Re: good practice for clients

On Tue, 18 Jun 1996, N.G.Smith wrote:
> >| I find it unbelievable that it isn't universally supported.
> >
> >Yep - in-lined infomercials must be a higher priority!
> This doesn't explain it. Browsers have been around for a lot longer
> than that. Why weren't the first generation of browsers built with this
> kind of support from day one.

The first generation (and second and third, etc, etc) didn't have this
sort of support in it because nobody was really doing the sort of serious
proxying that we're all up to now and there were much more pressing
problems taxing the minds of the then underfunded and underresourced
browser authors.  Spending lots of time on top notch proxy support would
have been pointless in the early days when people still struggling to
workout so much else in the browser.  These days we're all so used to
inlined images, background colours, forms, scalable fonts, blinking text
(:-)), etc, etc that we tend to forget that it was amazing to see
hyperlinks work at all when the early browsers were being hacked up out of
thin air by dedicated individuals and groups. 

Now we have a large market for browsers and lots of players committing
resources to it.  We also have a growing desire to have good proxy support
in them to make use of the new infrastructures we're all building (the
HENSA cache, the UK Harvest/Squid network, the US cache, NZ cache, etc). 
The commercial browsers like Netscape can keep up with this.  However its
not unnatural that the original under-resourced browser authors (where they
still exist) are having a tough time playing catch up.  That's probably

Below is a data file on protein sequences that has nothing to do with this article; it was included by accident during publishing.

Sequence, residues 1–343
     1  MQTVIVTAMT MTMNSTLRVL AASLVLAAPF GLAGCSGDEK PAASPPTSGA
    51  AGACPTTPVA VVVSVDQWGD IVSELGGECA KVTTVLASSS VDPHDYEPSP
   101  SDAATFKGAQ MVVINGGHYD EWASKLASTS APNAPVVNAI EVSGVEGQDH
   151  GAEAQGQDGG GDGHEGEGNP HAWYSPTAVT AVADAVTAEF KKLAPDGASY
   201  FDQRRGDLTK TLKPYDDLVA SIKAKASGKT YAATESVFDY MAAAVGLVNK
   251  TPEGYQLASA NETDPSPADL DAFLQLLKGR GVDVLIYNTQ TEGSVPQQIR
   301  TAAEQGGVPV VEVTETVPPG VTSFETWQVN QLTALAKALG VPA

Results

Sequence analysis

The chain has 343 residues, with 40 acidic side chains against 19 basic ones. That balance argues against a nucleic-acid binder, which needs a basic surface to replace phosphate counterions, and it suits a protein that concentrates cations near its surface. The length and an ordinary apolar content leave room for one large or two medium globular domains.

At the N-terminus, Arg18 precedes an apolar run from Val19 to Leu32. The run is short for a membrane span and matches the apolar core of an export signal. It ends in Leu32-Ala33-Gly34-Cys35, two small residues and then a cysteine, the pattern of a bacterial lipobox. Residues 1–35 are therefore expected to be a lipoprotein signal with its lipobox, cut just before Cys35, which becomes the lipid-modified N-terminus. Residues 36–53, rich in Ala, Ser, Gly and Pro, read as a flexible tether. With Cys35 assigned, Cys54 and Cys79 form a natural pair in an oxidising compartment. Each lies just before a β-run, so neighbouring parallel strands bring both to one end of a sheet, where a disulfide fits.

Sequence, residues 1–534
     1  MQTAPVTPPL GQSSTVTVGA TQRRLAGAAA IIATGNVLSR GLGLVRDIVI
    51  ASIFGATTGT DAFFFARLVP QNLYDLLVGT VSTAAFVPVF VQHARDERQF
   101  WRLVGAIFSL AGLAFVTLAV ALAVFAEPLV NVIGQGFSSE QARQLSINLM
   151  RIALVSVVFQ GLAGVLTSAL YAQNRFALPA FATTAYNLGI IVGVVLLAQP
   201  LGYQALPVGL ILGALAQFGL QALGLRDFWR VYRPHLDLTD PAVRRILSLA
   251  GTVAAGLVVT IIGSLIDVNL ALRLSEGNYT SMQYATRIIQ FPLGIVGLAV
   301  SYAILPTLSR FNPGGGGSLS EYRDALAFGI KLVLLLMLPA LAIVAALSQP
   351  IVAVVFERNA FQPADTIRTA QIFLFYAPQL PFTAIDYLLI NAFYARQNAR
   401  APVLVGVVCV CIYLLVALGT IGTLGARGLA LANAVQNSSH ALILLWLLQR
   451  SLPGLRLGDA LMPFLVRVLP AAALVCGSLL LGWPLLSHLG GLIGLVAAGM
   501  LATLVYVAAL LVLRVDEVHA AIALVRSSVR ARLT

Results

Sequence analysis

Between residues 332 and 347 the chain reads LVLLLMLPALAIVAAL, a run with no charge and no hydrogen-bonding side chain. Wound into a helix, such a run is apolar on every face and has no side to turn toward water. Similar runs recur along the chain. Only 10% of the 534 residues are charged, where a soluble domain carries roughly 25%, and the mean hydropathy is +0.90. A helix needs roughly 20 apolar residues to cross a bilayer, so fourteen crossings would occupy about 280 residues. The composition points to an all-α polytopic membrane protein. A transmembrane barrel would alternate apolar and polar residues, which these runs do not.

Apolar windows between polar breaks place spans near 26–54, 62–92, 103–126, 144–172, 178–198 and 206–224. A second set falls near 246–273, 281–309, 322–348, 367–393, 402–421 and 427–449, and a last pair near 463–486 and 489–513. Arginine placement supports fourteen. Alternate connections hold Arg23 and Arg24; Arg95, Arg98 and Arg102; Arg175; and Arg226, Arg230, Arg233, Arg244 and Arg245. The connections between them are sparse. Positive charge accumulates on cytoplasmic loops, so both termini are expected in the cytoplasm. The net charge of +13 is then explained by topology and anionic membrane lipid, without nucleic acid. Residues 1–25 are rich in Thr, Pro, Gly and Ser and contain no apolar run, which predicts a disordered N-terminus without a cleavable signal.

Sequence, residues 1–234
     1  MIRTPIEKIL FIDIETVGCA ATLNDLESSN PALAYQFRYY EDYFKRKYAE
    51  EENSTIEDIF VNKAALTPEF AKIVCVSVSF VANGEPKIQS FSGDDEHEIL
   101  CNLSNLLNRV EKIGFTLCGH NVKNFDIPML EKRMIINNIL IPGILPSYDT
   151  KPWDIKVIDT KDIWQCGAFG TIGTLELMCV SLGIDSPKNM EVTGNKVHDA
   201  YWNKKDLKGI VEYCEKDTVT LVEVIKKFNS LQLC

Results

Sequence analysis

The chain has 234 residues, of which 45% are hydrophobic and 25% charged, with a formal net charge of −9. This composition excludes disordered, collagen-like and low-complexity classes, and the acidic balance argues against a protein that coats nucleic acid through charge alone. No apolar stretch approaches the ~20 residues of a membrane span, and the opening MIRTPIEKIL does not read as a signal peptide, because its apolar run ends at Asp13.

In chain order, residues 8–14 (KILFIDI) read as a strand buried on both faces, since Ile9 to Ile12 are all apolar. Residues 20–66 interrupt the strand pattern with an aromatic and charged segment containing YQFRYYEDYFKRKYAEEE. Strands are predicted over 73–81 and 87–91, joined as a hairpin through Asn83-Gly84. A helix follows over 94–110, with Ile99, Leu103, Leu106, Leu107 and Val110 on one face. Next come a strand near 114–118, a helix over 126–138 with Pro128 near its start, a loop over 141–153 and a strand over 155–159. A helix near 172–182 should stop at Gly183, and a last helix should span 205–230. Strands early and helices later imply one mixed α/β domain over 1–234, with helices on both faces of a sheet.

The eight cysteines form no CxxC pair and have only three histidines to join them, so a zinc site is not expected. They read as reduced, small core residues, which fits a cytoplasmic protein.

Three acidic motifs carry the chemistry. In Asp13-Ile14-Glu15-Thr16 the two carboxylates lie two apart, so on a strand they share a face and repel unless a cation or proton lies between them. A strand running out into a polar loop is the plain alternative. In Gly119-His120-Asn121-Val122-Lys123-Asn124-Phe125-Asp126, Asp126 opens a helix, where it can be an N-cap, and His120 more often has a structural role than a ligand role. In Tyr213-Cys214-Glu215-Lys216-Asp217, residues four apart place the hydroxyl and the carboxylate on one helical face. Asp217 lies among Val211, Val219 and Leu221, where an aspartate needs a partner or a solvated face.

why Netscape has a <insert your favourite number between 50 and 90 here>%
of the browser market.

Of course older browsers with freely available source code have the
advantage that interested individuals can put in support for "wacky"
things like proxies (that don't look "cool" or even get noticed by most
users) and help out the authors a bit (cf: X Mosaic).  They're also great 
test beds to try out ideas and so will continue to be used be hard core 
weenies like myself.

> Something I've not had a chance to follow is the W3C libraries. If the
> LineMode browser has support for multiple IP addresses on a hostname,
> is the code not already there? What does Arena do for example?

I think the LineMode browser is built against a new common library than 
the CERN server (if what Martin was telling me the other day sunk in 
correctly).  Certainly when I was hacking proxying bits and bobs in 
Mosaic quite a while back, the common library in there was a heavily hacked 
over version of an older CERN library (it might have changed a lot since 
I last looked at it as Mosaic now contains all the proxying features I 
was hacking about with at the time).  As far as I remember, Arena was 
built against the latest release of the library so should Do The Right 
Thing(tm) if that functionality was part of the library.

Tatty bye,


Jon "Jim'll" Knight, Researcher, Sysop and General Dogsbody, Dept. Computer
Studies, Loughborough University of Technology, Leics., ENGLAND.  LE11 3TU.
* I've found I now dream in Perl.  More worryingly, I enjoy those dreams. *

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